Faced With Two Options, Obama Did Right with Iran Nuke Deal

Despite doomsday scenarios painted by politicians and world leaders, here's why President Obama's nuclear deal with Iran was a smart, savvy diplomatic move. Above, Obama speaks during a press conference at the White House about the deal with Iran. (© Ken Cedeno/Corbis photo)
Despite doomsday scenarios painted by politicians and world leaders, here’s why President Obama’s nuclear deal with Iran was a smart, savvy diplomatic move. Above, Obama speaks during a press conference at the White House about the deal with Iran. (© Ken Cedeno/Corbis photo)

The Iran nuclear deal announced Tuesday was a smart, savvy diplomatic move by President Barack Obama, despite the terrible doomsday scenarios painted by Republicans and Israeli Prime Minister Benjamin Netanyahu that are meant to frighten people.

At a press conference Wednesday, Obama calmly laid out the scenario where the world was faced with a difficult choice: continue to sanction and isolate the Iranians while Israel continues to stockpile nuclear weapons or make a deal that could avoid a possible nuclear war in the Middle East. If no deal have been reached, thousands upon thousands of more American lives might have been needlessly lost in a future war and invasion of Iran. Waiting on our hands or continuing tough talk about not allowing Iran to build nuclear facilities for peaceful purposes could have eventually confronted our country with that possibility.

Congress now has 60 days to review the agreement, and the president has said he will veto any legislation that blocks the implementation of the deal. To go into effect, Iran’s Supreme Leader Ayatollah Ali Khamenei must also approve. Khamenei was absent from negotiations the past 20 months, but posted on his website Tuesday evening that he appreciated the efforts of Iran’s nuclear team and was happy with their hard work and serious efforts.

Highlights of the agreement include Iran agreeing to reduce its centrifuges — the method of producing high-grade uranium for nuclear warheads — by two-thirds, placing a ban on enrichment at several key facilities and the imposition of a limit on uranium research and development at a key facility. Without these accords, Iran would likely have continued to enrich uranium under no inspections at all, further accelerating what would surely become a 21st century arms race.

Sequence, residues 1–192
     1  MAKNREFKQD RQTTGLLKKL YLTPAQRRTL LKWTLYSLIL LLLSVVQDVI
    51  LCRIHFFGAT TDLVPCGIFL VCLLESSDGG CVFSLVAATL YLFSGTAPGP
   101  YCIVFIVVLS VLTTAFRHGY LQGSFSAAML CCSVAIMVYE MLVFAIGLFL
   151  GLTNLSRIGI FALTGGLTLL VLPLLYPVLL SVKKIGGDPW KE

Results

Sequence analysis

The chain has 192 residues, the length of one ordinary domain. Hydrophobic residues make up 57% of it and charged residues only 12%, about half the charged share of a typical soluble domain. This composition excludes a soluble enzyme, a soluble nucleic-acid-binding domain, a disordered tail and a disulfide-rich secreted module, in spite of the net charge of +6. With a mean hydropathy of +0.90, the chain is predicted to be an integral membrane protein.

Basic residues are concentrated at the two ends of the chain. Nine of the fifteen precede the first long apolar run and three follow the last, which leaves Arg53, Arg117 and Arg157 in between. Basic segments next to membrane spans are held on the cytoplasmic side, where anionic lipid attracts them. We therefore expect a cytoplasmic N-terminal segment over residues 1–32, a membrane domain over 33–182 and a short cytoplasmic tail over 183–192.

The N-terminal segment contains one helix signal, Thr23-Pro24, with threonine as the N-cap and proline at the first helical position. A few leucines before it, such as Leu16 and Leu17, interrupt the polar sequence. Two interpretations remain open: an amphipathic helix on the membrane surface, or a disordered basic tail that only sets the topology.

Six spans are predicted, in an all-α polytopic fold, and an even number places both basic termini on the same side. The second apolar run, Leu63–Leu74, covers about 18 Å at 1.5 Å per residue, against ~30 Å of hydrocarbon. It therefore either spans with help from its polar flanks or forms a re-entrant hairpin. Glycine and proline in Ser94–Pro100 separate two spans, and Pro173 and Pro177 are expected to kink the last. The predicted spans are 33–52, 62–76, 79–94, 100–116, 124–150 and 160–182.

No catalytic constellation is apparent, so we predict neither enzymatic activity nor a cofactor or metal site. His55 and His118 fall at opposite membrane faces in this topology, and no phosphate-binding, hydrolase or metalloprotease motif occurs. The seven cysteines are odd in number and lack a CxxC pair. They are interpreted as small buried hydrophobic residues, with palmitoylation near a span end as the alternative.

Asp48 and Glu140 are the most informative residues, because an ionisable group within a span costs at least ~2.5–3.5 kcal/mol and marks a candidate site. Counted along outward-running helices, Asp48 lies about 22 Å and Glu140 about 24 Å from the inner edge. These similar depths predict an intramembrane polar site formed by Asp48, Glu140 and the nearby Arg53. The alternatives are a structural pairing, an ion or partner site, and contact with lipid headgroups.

The Islamic state also must pass certain benchmarks for the economic sanctions to be lifted. And if those are not reached within certain timeframes, the international community, through the U.S. and United Nations, will reimpose them. The sanctions, which have limited what Iran can import and how much of its oil the country can sell, have had serious deleterious effects on the country. And what have they wrought? They have denied the Iranian people a basic standard of living and beget a more isolated and impoverished nation that could very well be ready to explode. In short, nothing good for the U.S. — and an even more destabilized Middle East.

Lifting the economic sanctions is also the best way to give the people of Iran hope. If and when the economy improves, the people of Iran will become less isolated, will be politically radicalized less easily and eventually will want to adopt the lifestyles or at least standards of living that we enjoy in the West. A rising economic tide may not lift all boats, but as its economy improves, more hope for the future and of a better life for future generations could result.

Critics of the deal will point to it allowing Iran more “breakout time” — the amount needed to produce a single nuclear bomb — in its latter years should the country break the deal. Currently, experts estimate that timeframe to be about two to three months and with the deal’s reductions in place, it would extend to a year.

This was a principled, brave and bold first step on a long road of diplomacy that will not end when Obama leaves the White House. What the president has done with the agreement is set the stage for his successor to engage even more with Iran.

Animosity and finger pointing have wrought a hungry, dissatisfied Iran. Engagement through appropriate diplomacy has already opened up the country to compromise.

In 10 or 20 years, this agreement will not be viewed as a huge mistake in an eventual road to war. It will be seen as an initial step in what became a fruitful and long-lasting relationship between Iran and the rest of the world.

Noah Zuss is a reporter for TheBlot Magazine.

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